Parent Training: A Pilot Study to Effectively Implement ABA Strategies in the Home

Lauren Cowled

Sheri Kingsdorf

Association for Behaviour Analysis Australia's Inaugural 

Conference, Melbourne, Australia

Applied Behaviour Analysis (ABA) is an empirically-validated, scientific teaching method. It's efficacy with skills teaching for young children with autism and home-based programs, is well established. It is important to ensure parents are included in the planning and programming process, and that they understand the strategies and techniques used to teach their child new skills, to ensure generalisation and maintenance, are happening.

An observational training checklist was developed to guide the direct fortnightly training by a Clinician. The training was provided to three families in Sydney, with young children with a diagnosis of autism spectrum disorder. Teaching strategies used during the training included: behavioural skills training, parent coaching, role play, modelling, and online data collection through Google websites. The ABA strategies covered included: reinforcement, functional behaviour assessment (FBA), data collection, skills teaching, task analysis, shaping, prompting, generalisation, and maintenance.

Intervention efficacy data were collected using the training checklist, and a parent self-efficacy scale was conducted on challenging behaviours, pre and post program. Frequency data were collected on challenging behaviour presented by the child, pre and post program.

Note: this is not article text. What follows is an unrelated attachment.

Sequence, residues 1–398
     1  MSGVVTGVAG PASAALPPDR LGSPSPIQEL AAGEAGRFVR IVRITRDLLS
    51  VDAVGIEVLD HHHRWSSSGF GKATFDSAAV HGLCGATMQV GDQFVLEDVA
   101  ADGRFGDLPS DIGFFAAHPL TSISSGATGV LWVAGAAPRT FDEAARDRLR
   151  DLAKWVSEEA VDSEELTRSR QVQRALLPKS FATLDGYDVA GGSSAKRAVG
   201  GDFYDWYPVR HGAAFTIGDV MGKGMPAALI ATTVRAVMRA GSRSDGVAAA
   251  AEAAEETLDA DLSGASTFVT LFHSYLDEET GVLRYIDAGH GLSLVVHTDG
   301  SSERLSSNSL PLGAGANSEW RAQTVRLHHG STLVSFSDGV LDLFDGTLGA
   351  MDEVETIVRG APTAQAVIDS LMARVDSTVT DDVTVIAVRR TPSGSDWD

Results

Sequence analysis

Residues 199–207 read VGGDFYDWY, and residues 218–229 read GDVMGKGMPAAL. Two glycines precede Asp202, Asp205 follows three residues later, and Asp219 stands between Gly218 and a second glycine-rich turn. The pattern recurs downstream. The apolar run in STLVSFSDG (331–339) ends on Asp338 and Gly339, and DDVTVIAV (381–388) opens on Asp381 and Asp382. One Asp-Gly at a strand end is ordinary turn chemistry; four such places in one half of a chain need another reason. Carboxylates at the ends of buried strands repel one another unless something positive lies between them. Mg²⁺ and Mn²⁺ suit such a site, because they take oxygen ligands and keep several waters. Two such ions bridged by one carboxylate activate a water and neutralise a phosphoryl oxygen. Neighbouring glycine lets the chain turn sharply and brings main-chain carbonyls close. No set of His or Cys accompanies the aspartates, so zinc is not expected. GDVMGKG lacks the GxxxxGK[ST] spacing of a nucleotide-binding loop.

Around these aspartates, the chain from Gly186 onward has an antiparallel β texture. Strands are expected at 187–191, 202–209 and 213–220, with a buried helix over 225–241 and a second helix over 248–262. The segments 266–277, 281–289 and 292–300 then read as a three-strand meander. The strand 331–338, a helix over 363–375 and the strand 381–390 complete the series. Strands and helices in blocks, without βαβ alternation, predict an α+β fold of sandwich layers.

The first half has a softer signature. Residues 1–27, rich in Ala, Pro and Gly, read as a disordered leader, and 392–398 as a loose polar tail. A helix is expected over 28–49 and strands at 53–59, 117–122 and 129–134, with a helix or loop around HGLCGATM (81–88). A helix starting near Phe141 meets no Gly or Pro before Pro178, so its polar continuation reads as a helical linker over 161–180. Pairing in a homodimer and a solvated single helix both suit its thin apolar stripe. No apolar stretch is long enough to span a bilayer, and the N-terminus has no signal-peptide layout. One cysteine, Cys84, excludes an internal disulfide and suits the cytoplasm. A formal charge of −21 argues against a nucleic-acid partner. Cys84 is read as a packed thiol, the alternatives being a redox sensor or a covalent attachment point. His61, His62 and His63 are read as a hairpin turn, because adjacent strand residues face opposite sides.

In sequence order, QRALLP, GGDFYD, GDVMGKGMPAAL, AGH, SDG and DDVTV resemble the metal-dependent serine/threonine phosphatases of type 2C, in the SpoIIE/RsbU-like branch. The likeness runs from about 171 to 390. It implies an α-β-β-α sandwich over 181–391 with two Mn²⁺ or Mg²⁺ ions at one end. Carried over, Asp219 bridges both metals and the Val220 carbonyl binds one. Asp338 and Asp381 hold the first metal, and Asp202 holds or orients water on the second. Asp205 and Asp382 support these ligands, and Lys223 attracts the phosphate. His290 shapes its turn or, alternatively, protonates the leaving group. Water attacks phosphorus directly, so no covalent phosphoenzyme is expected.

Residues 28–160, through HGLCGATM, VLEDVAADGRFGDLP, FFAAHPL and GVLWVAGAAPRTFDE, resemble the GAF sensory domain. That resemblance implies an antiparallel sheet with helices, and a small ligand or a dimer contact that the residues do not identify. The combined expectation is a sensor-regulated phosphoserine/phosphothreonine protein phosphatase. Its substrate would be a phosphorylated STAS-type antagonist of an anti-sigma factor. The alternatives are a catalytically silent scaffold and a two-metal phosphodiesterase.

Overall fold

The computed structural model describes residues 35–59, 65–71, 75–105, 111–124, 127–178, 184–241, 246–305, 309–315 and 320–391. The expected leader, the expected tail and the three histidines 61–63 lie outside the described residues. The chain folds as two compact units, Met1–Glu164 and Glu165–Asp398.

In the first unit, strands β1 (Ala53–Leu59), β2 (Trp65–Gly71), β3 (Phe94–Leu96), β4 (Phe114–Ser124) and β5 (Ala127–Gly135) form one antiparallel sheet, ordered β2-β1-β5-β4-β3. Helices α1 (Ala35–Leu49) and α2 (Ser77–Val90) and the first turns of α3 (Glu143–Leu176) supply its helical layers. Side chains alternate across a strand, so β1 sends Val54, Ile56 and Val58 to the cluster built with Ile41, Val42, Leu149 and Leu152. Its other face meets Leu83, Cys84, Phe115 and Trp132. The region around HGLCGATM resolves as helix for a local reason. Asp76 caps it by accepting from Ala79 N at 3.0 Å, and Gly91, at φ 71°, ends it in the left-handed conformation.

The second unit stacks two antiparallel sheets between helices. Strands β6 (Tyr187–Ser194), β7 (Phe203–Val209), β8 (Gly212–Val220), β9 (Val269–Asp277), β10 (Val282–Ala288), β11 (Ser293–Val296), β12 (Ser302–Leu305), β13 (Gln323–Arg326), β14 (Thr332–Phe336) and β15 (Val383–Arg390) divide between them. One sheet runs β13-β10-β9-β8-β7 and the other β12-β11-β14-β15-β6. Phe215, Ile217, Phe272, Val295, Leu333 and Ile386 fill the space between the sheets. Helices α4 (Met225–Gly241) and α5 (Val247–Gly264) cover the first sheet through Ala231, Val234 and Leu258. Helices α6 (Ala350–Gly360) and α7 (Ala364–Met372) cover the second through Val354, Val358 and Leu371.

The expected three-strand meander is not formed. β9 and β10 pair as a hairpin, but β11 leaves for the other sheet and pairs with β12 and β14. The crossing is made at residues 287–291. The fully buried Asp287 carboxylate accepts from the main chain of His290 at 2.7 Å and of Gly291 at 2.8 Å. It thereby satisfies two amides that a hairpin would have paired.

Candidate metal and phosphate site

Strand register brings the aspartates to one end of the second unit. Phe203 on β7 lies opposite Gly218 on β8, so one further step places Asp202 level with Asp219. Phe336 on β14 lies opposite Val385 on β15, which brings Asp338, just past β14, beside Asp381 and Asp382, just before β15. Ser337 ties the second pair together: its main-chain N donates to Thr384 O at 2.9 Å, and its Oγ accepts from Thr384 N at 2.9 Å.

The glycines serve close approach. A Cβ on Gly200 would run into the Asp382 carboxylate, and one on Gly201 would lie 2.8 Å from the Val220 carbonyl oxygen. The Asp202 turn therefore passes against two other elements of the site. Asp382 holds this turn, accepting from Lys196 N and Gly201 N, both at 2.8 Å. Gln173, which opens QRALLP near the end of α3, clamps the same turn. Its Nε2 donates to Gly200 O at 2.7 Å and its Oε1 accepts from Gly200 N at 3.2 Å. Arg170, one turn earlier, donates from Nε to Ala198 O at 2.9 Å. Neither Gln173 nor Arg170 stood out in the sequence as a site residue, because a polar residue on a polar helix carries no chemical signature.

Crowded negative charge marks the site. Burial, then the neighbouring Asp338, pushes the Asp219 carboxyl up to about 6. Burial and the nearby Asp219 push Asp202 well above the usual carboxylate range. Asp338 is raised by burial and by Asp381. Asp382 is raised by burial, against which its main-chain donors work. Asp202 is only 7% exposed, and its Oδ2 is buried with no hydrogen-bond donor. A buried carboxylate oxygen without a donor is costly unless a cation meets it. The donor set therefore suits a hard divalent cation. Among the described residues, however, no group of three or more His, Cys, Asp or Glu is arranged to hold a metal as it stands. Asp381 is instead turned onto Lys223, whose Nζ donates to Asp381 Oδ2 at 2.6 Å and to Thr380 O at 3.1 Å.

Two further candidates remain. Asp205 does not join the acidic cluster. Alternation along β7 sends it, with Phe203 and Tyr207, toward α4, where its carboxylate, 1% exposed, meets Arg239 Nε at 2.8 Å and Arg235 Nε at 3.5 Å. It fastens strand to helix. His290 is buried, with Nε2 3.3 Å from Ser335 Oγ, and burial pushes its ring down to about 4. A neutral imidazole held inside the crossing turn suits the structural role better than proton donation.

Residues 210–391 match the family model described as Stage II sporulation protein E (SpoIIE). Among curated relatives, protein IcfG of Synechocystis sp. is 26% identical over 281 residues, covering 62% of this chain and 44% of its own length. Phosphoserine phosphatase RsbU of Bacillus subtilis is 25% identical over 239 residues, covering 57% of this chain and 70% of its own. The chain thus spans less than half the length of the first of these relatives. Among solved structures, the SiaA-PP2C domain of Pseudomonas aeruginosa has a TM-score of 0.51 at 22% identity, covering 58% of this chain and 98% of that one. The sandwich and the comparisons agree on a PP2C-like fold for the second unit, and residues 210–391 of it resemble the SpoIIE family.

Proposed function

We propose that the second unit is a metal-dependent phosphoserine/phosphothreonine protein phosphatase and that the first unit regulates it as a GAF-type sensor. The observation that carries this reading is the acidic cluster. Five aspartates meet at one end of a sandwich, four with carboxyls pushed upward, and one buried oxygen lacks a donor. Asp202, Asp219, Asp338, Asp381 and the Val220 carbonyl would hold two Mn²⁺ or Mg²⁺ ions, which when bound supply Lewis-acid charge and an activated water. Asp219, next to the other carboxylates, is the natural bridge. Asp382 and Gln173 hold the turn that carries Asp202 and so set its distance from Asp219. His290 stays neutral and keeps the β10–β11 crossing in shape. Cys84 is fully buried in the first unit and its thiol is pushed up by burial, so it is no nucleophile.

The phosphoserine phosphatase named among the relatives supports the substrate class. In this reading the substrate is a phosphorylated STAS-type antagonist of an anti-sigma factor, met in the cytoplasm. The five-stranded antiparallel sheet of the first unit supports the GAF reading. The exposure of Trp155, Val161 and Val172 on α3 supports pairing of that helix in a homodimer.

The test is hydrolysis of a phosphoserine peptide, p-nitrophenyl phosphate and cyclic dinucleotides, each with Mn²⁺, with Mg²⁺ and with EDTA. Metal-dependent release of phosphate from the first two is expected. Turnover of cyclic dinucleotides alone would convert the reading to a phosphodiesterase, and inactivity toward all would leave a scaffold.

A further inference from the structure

While direct intervention services for children with autism spectrum disorders are extremely valuable, our overall goal should be providing children with opportunities to come into contact with reinforcement in their natural environment. Providing parent training on ABA strategies, ensures that parents are learning ways to maximise opportunities for their child to continue to develop, grow, and be reinforced.

Assessing the Effects of Using Activity Schedules With Backwards Chaining to Teach a Child With Autism

Lauren Cowled

Sheri Kingsdorf

Association for Behavior Analysis International's 42nd Conference, Chicago, IL, USA

Independence is such an important skill to teach. Our aim was to teach a nine year old boy with Autism how to follow a visual activity schedule to complete a range of preferred tasks. The child was participating in an individualised home based Applied Behaviour Analysis program in Sydney, Australia.

 

Using a multiple baseline design across behaviours, we chose three activities that were age appropriate, and matched the clients interests:

 

(1) play with puzzles and blocks,

(2) making a snack, and

(3) creating a craft.

 

We then created a task analysis of the steps involved with accompanying visual activity sequences, using photographs of the items to be used in the activities. Each activity schedule was probed to gather a stable baseline, before teaching took place, using backwards chaining with leaps ahead.

 

We established stable baseline data across all three activities, and are now working to target the first activity schedule - independent play with puzzles and blocks. After mastering the three targets in this study, we plan to work on generalising these skills to completion of non-preferred tasks that can be transitioned into employment-based activities.